Welcome back! Or if you only just finished the first part of this blog post, welcome to Part 2! This second part might better be called “How to Optimize a Blog Post” though. At this point in the process, the lion’s share of the writing should be completed and edited, and only when that’s completed can you move on to the optimizing stage.
Why You Need to Optimize Your Blog Post
What do we mean when we talk about “optimizing” your blog post? It is the process of re-editing or search engine optimizing the post in a way that makes the post show up for the right keywords for your business. This indicates to Google that your business is associated with specific topics and keywords and that your post basically looks nice and presentable to search engines.
It’s similar to preparing for a big presentation: you’ve done your research, lined up your data, and written the paper. Now you need to make sure the slide deck is up to the requirements, the handouts have been Xeroxed, and that your hair and outfit are appropriate so that you appear at your best advantage to the audience.
What is the SEO Value of a Blog Post?
Search Engine Optimization is often referred to as a moving target, but it can be better described potentially as a series of drops in the bucket. That is to say, SEO is a lot of small things that you do that aggregate into a large value that is recognized by search engines. Ideally, if you’re consistent about properly optimizing your site and stick to it dogmatically, the results will pay off in the search engines.
Blog posts – properly optimized ones, that is – can provide a good deal of SEO value for a website. One thing that Google and other search engines like to see is new content being added to a site, this indicates to them that your site is current and often updated. Google doesn’t want to show users outdated information, so websites that show that they’re consistently updating their site and adding to it will get prioritized over others.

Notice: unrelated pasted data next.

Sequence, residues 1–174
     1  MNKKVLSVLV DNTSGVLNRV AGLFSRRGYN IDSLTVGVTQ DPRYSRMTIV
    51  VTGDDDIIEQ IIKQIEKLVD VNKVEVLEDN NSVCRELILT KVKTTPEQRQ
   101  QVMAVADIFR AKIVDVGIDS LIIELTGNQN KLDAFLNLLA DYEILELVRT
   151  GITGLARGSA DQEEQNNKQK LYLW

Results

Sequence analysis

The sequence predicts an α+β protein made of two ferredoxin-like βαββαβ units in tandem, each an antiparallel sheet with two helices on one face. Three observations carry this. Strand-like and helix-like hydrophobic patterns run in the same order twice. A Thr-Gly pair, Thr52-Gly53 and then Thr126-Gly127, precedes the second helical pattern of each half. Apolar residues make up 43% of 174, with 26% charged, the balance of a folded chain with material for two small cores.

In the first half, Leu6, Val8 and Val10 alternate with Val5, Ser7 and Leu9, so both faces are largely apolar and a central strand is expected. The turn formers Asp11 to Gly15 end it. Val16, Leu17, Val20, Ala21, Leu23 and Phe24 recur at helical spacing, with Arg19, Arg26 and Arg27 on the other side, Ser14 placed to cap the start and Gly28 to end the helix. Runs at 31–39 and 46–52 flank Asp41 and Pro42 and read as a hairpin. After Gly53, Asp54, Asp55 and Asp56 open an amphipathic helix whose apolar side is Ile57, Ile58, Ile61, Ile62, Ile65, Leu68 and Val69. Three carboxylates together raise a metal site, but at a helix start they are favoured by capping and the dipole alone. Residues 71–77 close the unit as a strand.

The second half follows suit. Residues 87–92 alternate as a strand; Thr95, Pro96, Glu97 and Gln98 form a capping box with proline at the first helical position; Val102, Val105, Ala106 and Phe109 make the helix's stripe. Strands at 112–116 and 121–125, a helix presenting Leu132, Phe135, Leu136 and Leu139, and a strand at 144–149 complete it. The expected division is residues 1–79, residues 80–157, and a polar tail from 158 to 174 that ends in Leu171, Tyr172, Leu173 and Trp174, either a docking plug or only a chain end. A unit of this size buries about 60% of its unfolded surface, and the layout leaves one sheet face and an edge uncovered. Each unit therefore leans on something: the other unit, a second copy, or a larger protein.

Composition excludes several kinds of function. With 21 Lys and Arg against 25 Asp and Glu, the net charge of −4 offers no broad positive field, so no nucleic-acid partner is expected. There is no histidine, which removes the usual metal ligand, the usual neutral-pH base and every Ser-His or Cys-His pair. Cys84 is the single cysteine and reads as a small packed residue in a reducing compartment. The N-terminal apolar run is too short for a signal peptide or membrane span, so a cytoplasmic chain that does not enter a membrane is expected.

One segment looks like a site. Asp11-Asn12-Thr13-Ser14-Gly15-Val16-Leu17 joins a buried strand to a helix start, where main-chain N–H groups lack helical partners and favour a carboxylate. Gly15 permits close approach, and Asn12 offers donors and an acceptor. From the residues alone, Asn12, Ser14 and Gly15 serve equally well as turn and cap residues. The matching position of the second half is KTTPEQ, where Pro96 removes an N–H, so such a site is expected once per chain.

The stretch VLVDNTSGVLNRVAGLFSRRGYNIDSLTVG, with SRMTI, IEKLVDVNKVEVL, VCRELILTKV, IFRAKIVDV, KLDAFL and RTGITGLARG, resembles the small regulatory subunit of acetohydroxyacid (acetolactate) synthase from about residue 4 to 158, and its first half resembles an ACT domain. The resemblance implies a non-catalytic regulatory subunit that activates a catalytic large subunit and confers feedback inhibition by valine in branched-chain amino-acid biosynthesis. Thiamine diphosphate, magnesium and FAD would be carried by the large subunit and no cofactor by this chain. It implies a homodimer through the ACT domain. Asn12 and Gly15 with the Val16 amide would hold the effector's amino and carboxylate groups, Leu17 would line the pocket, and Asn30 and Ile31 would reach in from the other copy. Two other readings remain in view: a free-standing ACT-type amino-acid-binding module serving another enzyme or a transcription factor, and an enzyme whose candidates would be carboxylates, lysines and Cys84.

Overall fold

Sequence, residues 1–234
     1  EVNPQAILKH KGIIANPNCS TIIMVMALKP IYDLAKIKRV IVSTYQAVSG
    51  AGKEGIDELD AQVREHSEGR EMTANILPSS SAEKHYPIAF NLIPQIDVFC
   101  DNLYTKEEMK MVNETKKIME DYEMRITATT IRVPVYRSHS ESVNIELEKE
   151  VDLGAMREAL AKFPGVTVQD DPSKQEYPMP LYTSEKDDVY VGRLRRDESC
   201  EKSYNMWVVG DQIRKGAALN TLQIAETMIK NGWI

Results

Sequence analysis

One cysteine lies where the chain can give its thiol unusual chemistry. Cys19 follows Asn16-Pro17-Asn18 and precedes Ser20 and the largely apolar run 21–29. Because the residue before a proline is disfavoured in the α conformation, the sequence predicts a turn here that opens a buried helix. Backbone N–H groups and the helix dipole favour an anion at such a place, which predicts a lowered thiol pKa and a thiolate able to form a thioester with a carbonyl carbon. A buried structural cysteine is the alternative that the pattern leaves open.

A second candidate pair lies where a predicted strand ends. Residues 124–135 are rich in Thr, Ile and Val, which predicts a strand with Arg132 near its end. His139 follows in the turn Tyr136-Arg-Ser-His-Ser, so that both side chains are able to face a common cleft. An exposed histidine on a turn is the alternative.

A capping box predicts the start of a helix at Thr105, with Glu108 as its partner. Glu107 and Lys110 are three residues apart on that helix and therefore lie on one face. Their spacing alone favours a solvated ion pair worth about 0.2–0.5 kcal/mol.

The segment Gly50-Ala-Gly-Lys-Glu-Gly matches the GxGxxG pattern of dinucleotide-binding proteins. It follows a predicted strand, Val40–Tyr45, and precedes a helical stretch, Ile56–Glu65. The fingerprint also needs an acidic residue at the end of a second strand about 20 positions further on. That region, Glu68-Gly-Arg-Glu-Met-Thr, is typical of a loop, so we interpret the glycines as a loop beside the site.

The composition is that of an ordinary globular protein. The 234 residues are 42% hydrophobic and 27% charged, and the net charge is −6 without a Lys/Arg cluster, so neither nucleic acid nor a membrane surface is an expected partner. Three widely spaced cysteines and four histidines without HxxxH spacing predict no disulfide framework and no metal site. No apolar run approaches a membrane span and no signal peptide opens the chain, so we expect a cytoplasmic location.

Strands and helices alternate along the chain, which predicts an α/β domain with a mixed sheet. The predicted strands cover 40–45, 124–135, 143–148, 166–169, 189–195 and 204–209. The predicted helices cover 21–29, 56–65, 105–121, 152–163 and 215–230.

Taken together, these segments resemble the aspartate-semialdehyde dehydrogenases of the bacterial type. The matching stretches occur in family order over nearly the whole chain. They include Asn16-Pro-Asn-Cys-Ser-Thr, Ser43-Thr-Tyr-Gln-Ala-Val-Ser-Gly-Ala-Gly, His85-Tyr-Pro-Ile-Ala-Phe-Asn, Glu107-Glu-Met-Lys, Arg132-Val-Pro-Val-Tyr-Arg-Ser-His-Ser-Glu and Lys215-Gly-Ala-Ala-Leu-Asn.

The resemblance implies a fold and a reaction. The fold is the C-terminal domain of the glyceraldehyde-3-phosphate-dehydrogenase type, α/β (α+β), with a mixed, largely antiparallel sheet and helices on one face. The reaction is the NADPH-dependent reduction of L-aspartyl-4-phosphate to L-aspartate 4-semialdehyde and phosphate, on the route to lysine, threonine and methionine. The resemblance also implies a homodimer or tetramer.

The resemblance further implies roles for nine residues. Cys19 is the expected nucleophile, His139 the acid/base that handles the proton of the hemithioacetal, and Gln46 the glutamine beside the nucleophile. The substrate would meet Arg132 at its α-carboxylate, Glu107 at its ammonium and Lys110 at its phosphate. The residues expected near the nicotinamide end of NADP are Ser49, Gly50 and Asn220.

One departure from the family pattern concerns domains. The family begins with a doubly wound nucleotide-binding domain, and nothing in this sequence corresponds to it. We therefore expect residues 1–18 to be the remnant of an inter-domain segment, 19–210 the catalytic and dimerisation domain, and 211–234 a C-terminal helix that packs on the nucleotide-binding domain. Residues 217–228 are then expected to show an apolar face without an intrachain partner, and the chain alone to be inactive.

Blogs can also help if your site is trying to rank for your normal keywords, new keywords, or keywords that are hard to rank for. If you have a new service or would like to branch into something new, writing blogs with keywords relating to these new services can help your company begin to rank for them.
So, how do you begin to optimize a blog?
Step One: Know Your Keywords and Use Them
Suppose that you run a fancy sock company and you’ve just started selling ankle-high socks with a lace hem from a specialty lace weaver and darner located in Shropshire, UK. How might you best go about mentioning this on your site? You would definitely update a product page and maybe a service page, but come on now, you’re a fancy sock company known for your knowledge and connections in the fancy sock industry. Your customers are eager for the latest release of fancy sock news. How could you deny them the harrowing, yet heartwarming tale of the blind, one-legged, Shrewsbury lace weaver, who supported her four children and ailing mother by darning her way out of poverty?
In order to properly optimize this wonderful blog you’ve written, “Darn Your Eyes: The Phillipa Scrivener Story,” you need to ensure that you have your keywords in place.
When optimizing “Darn Your Eyes,” you’ll want to ensure that your keywords show up enough times in the blog to make sure that the page ranks for that term. However, the term can’t appear too much, as that will make the page appear as though you’re “stuffing” the page to rank for it. This is also referred to as “keyword density,” essentially the ratio of the number of times the keyword is used in a blog article to the number of total words.
An ideal keyword density is somewhere between .5% – 3%. That being said, don’t feel as though you need to shoot for 3% – it may be better to stick to a lower density so that your article appears more natural. And to be frank, you shouldn’t have to find ways to stick your keywords into your article, write naturally about your subject and your keywords.
Step Two: Create Links
Internal links are links to other pages on your website. You can link to specific products, other blogs, service pages, and, ideally, to ways to contact your business or to make a purchase. They’re important to SEO because they help establish the hierarchy of your site to search engine crawlers and provide link value.